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Flintlock: The Siege of Dawn preview: An intriguing and original take on the Soulslike

Flintlock: The Siege of Dawn preview: An intriguing and original take on the Soulslike

A new Soulslike that feels different enough

I don’t know about you, but I’m a bit fed up of Soulslikes. There’s only so many times I can be told that if I die I’ll lose all my souls, or runes, or whatever the newest games uses to level up my character. There are only so many times that I can light a bonfire, lamp, or site of grace. It’s all well and good being gaming’s darling genre, but if you’re going to go up against Fromsoft and their tried and tested formula, you need to either bring your A-game or do something different with what’s there.

Lies of P, while it didn’t perhaps set the world alight at least tried to shake things up in its story and the whole creepy puppet thing. However, so many attempts end up falling a bit flat because how can you compete with the masters?

Enter Flintlock: The Siege of Dawn. I did a long sigh when I first read about it. It seemed like yet another Soulslike that I’d entertain for an hour or so before putting it down and going back to Elden Ring. How wrong I was. And honestly, I’m glad I was wrong, because this is perhaps the first Soulslike I’ve played in a while that, when the demo ended, left me yearning for more.

It’s probably because of two main mechanics the developers have added and then leaned into. The first of these is the idea of banking your XP, which in this game is called ‘Reputation.’ Essentially, you batter an enemy without getting hit yourself and you build reputation via a multiplier. If you move from enemy to enemy that total gets higher until you hold a button and bank it. However, get hit and you lose your multiplier. It gives the player a chance to gamble on their own skills and skilled players will reap the rewards of more rep which means faster skill acquisition.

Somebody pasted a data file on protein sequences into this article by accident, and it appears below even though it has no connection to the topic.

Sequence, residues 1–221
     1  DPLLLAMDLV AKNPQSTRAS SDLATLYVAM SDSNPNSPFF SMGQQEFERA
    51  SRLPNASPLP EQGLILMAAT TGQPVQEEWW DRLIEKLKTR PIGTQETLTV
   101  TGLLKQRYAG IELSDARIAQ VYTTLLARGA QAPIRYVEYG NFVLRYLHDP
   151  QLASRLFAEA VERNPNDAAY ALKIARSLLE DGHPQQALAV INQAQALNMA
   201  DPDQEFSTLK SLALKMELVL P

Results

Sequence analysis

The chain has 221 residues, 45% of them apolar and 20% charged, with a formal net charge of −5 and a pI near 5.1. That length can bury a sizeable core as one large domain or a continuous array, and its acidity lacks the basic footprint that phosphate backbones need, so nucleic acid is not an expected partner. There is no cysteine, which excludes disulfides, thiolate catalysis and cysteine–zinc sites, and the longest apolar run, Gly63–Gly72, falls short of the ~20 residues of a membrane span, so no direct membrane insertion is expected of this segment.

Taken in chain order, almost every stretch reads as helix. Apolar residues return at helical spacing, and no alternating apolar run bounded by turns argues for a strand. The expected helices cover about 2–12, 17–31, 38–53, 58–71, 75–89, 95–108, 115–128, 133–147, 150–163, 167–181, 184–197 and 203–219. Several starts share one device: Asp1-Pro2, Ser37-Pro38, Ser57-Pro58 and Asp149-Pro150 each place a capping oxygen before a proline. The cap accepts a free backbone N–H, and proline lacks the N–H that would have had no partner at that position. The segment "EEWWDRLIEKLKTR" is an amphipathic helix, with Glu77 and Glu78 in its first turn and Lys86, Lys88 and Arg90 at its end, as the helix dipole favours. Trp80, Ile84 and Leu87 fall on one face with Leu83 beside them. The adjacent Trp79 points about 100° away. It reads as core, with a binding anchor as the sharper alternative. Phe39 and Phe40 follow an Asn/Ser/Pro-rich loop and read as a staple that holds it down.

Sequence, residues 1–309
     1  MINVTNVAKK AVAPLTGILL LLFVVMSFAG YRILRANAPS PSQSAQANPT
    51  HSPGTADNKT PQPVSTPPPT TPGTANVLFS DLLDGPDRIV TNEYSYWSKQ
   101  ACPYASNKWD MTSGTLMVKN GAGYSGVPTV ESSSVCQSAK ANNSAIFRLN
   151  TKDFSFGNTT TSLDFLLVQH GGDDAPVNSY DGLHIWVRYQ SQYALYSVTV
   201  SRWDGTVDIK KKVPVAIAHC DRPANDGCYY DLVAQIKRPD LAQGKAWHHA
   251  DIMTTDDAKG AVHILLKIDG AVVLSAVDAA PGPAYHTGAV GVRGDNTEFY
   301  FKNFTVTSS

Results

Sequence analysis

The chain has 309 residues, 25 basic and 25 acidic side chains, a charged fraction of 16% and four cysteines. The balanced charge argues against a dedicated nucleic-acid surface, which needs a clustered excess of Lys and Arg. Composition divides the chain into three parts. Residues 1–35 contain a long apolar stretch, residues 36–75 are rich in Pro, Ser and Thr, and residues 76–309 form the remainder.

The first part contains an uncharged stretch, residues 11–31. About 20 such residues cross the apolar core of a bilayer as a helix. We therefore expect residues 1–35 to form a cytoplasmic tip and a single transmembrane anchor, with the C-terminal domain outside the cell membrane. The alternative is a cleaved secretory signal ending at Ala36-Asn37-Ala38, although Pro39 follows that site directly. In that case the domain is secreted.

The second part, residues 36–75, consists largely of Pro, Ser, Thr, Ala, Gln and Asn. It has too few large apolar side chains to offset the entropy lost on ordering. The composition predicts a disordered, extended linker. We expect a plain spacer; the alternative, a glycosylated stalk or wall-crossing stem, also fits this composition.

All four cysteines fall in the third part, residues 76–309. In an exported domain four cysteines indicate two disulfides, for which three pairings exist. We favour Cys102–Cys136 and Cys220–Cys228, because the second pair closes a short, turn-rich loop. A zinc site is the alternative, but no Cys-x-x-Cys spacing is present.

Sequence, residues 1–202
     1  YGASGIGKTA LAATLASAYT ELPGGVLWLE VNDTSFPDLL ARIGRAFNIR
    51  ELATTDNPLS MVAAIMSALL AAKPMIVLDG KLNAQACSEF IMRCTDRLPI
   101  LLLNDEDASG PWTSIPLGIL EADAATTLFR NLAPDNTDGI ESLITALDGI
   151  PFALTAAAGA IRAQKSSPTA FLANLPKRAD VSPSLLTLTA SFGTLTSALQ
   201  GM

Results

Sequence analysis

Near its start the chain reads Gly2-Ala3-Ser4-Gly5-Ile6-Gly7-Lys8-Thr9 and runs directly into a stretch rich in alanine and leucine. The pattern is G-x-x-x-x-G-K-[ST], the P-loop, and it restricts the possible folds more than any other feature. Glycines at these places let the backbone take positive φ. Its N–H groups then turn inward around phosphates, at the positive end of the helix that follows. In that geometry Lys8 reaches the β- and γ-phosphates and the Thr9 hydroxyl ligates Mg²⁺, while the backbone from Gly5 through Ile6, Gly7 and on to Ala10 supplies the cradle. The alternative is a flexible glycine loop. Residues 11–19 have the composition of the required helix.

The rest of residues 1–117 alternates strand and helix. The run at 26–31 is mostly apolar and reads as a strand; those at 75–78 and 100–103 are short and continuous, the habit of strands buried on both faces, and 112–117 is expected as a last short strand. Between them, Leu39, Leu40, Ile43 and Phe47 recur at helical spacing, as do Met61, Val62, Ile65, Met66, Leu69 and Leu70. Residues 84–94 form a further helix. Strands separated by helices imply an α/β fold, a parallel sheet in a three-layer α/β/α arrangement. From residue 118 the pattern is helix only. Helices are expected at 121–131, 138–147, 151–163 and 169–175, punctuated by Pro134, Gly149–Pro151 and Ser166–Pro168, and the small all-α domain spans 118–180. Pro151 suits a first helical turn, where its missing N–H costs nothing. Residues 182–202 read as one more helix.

The second mechanic is the use of gunpowder. You see, you play as a sapper during a war. A sapper is the soldier responsible for blowing things up. This means you’re pretty handy with gunpowder, and it helps that a God ends up by your side (more on this shortly) and makes your stash of gunpowder endless.

It is then used to propel you through the air or move with a more rapid pace when you dodge roll. You become a lot more nimble, often able to traverse high platforms looking for secrets by blasting your way through the air. You also have a gun, of course, which breaks momentum of enemies while they’re attacking, making the combat feel a bit more fluid and giving the player a better sense of power.

Just these two elements would be enough to set this apart from other titles and make it a ‘must-play’, and it really is this. It’s likely not going to be a game that will garner a huge amount of interest, especially in a year where we’ll see DLC for Elden Ring, but for those who give it a chance I think you’ll be impressed.

So, back to the God that accompanies you. Yes, this is a world that sort of mixes together 19th century warfare with a world of Gods and monsters. Not long after the game begins you meet the cutest God you ever did see called Enki. Think of a Fennec Fox but he’s blue. He’s also filled with lightning and fights by your side. You can use him to whittle down shields and armour before delivering a staggering blow, or build up his power meter before casting a vast storm of electricity to demolish a foe.

The dance you do between using Enki’s powers, utilising a hand axe, and blasting away with a gun strikes a fine line of balance in combat that just works. It feels powerful, but also dextrous. Enough to make you feel like you can take on the world. So, while yes, I’m a bit fed up of all the Soulslikes out there, Flintlock: The Siege of Dawn can stay, and keep doing what it's doing. And I’ll be there from day one of full release to join in.

Featured Image Credit: Kepler Interactive

Topics: Dark Souls, Elden Ring, Preview, PC, Steam